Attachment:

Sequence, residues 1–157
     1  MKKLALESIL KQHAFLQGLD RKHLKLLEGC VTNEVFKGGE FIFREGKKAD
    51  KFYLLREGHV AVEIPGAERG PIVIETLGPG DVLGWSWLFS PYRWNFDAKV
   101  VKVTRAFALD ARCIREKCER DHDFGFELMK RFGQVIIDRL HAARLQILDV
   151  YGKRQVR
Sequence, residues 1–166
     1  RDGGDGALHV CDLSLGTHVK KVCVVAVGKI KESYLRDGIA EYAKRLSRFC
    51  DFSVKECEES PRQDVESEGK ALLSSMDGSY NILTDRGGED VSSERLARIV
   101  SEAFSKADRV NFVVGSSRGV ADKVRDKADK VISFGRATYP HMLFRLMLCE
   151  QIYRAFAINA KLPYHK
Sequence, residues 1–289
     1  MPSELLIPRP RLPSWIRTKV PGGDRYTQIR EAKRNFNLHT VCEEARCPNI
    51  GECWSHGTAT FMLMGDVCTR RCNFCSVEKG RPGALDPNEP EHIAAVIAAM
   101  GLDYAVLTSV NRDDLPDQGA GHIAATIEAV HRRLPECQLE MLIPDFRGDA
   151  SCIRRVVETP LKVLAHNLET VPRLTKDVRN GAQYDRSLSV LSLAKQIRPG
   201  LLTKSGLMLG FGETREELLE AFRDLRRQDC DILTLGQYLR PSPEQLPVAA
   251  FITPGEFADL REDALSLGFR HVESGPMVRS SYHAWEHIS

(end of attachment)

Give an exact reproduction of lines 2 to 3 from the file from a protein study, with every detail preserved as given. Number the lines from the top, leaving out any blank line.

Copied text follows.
     1  MKKLALESIL KQHAFLQGLD RKHLKLLEGC VTNEVFKGGE FIFREGKKAD
    51  KFYLLREGHV AVEIPGAERG PIVIETLGPG DVLGWSWLFS PYRWNFDAKV